Finally, it was all set! Time to reassemble.
At this point, the radio plays beautifully and pulls in stations from all over, and I’ve added a line input to let me hook up an audio source. The hassle of the AFC calibration was definitely worth it, it’s nearly like magic to watch it work. With the switch off, the radio tunes sharply and a station comes in over just a few degrees of rotation. With the switch activated, it’s like an entirely different radio – the same station will come in across about a quarter-turn of the knob, 2 divisions in either direction from the center frequency and it will block quieter stations from interfering.
The radio sounds great with a pretty good frequency response and more volume than I know what to do with, too. The relay for the motor is burnt out, though. I missed that on the initial checks so when I went to test the pushbutton function…I got a whole lot of nothing. I’ll make another post here when I do get the motor resolved but for now I’m going to hang this one up and start playing it. This was a very fun and enjoyable project and I have a beautiful radio with a commanding presence to enjoy for many years to come.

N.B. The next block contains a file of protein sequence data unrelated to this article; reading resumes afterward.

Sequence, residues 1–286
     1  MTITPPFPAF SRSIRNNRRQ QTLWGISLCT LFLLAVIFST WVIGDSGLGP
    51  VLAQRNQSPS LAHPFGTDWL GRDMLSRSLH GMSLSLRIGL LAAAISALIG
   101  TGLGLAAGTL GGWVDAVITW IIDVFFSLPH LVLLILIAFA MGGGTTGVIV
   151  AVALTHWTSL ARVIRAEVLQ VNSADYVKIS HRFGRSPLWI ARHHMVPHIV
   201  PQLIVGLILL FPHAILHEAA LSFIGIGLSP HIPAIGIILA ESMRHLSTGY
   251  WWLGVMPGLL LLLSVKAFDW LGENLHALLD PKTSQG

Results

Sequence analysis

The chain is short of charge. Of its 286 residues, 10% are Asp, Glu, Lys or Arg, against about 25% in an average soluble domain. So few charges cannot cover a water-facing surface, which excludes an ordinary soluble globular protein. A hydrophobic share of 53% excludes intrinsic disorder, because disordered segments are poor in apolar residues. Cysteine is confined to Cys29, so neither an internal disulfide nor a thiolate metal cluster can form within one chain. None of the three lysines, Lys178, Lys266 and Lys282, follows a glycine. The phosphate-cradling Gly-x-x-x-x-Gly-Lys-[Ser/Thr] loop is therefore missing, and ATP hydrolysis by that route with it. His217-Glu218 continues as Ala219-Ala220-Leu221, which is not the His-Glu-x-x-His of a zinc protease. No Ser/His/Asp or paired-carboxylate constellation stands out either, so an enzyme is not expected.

I’ve had this idea for quite a few years but haven’t put much time into it, between everything else I’ve been going on. Once or twice a year for the past five or so years, I’ve posted on Craigslist seeking a broken cello to turn into an art project. Finally, the ad hit and I think I can make it happen.
Verve//Remixed 3 has an incredible album cover. You should buy their music for that reason alone.
I’m hoping to make my own version of the Cello Boombox on the cover…and this will be my starting point, a cello with a broken neck the owner wasn’t interested in repairing. The neck snapped off, the bridge is missing, and there are quite a few cracks (although they aren’t visible unless you look closely) and it needs to be re-glued.
I doubt I’ll do anything with this until next year at least, but now it’s a possibility. I’m just glad I was able to find a broken cello, I wasn’t willing to destroy a functional instrument for this. Not to mention, a working cello costs a lot of money.
There are a few things to consider:
Speaker size and placement. How many drivers will I use, and what types?
Cabinet volume and phase cancelling. If I configure this as a stereo boombox, I’d need to isolate the enclosures internally from each other or the out-of-phase parts of the left and right channels of the audio could cancel or introduce distortion.
Audio source. The Verve Remixed album cover is concept art, not a real product, so the knobs and panel meters and a floppy disk drive aren’t things I could realistically include. Do I mount a small music player in the center – maybe an iPod Touch, or a small Android tablet? Or should I just make this into an artistic speaker without its own audio source?